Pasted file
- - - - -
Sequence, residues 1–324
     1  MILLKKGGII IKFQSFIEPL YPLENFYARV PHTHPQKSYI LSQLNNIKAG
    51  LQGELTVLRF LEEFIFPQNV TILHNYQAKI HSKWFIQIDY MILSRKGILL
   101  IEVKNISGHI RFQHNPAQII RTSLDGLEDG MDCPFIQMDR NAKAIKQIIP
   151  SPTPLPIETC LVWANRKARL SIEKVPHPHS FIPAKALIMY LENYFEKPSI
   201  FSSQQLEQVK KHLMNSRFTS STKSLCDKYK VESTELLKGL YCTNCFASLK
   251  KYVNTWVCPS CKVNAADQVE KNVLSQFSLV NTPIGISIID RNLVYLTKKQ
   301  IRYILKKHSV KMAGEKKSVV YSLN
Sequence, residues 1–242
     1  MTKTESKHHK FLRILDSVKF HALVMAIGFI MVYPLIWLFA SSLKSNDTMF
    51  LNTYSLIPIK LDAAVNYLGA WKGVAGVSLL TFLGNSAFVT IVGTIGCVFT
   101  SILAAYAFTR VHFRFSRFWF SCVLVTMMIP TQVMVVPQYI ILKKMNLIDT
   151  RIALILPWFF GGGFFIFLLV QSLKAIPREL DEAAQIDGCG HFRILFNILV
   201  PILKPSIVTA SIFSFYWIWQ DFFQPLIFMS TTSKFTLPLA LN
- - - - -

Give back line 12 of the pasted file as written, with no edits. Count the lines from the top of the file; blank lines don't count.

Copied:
   101  SILAAYAFTR VHFRFSRFWF SCVLVTMMIP TQVMVVPQYI ILKKMNLIDT